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Assistant Professor, William Paterson University of New Jersey, United States

Friday, August 17, 2007

Liam Rector's Suicide


Rest in Peace, Liam. I realize now that so much of what you wrote and said in your several capacities had a touch of your leaving (this way) in it. Now I'm thinking of your poem, "We colored your leaving," etc etc. I also think of your Ronald Beaver ("beavering"). It took your suicide obituary for the world to know your given name was Ronald.
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I shared a number of cigarettes with Liam after a number of one-on-one meetings regarding my poems and later manuscript (he was the first teacher to tell me that my work held a "there" there, so to speak, and the last one to advise me on the final manuscript). Sometimes he would describe the sensation of smoking a cigarette while hooked up to the chemo machine, and that it was actually incredibly satisfying. All in all, I'll remember the many mix Cd's he sent me (which were always surprising), and how he would send tapes of HIM reading MY poems aloud--something that struck me as a useful pedagogical tool. He once said the he'd never heard a poet read too slowly. I agree. We had an intermittent email correspondence going in the few years since my MFA, but I recall the last thing he said to me in person: "That's a sharp haircut. If I've taught you anything at all, Chris, it's the importance of a good haircut."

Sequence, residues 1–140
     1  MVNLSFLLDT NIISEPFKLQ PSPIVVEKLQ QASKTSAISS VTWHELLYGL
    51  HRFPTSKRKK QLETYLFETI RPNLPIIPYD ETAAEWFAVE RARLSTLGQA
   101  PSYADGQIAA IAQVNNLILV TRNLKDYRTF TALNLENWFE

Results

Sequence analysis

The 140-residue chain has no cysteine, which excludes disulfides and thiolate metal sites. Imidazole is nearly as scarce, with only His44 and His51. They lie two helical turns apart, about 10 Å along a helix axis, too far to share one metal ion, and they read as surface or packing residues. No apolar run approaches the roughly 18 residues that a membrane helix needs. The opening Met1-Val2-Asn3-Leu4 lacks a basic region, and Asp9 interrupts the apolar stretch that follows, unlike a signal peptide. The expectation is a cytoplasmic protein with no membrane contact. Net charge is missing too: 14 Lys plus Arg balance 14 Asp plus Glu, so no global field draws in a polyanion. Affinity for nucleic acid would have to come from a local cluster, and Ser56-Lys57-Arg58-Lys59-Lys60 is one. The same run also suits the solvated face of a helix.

My favorite Liam workshop lines: "Discipline is the religion of the uninterested" (he always saw the systematic, and often spiritualized the secular. He did love Emerson). The other favorite point was this: "Every poem says, essentially, the same thing: My heart aches."

2 comments:

Michael said...

Thanks for this, Chris. I remember how useful and amazing it was to get Liam's tapes of MY poetry when I was working on my thesis. And the mix CDs too.

He would paraphrase Berryman's line too, regarding what all poetry says: "I'm sad a-lonely."

Wyn Cooper said...

This is such a good remembrance of my best friend. I have the mixed cds, the cassettes before that, and probably more stories than you'd ever have time to hear. Miss him so much, but so glad to read your memories of him.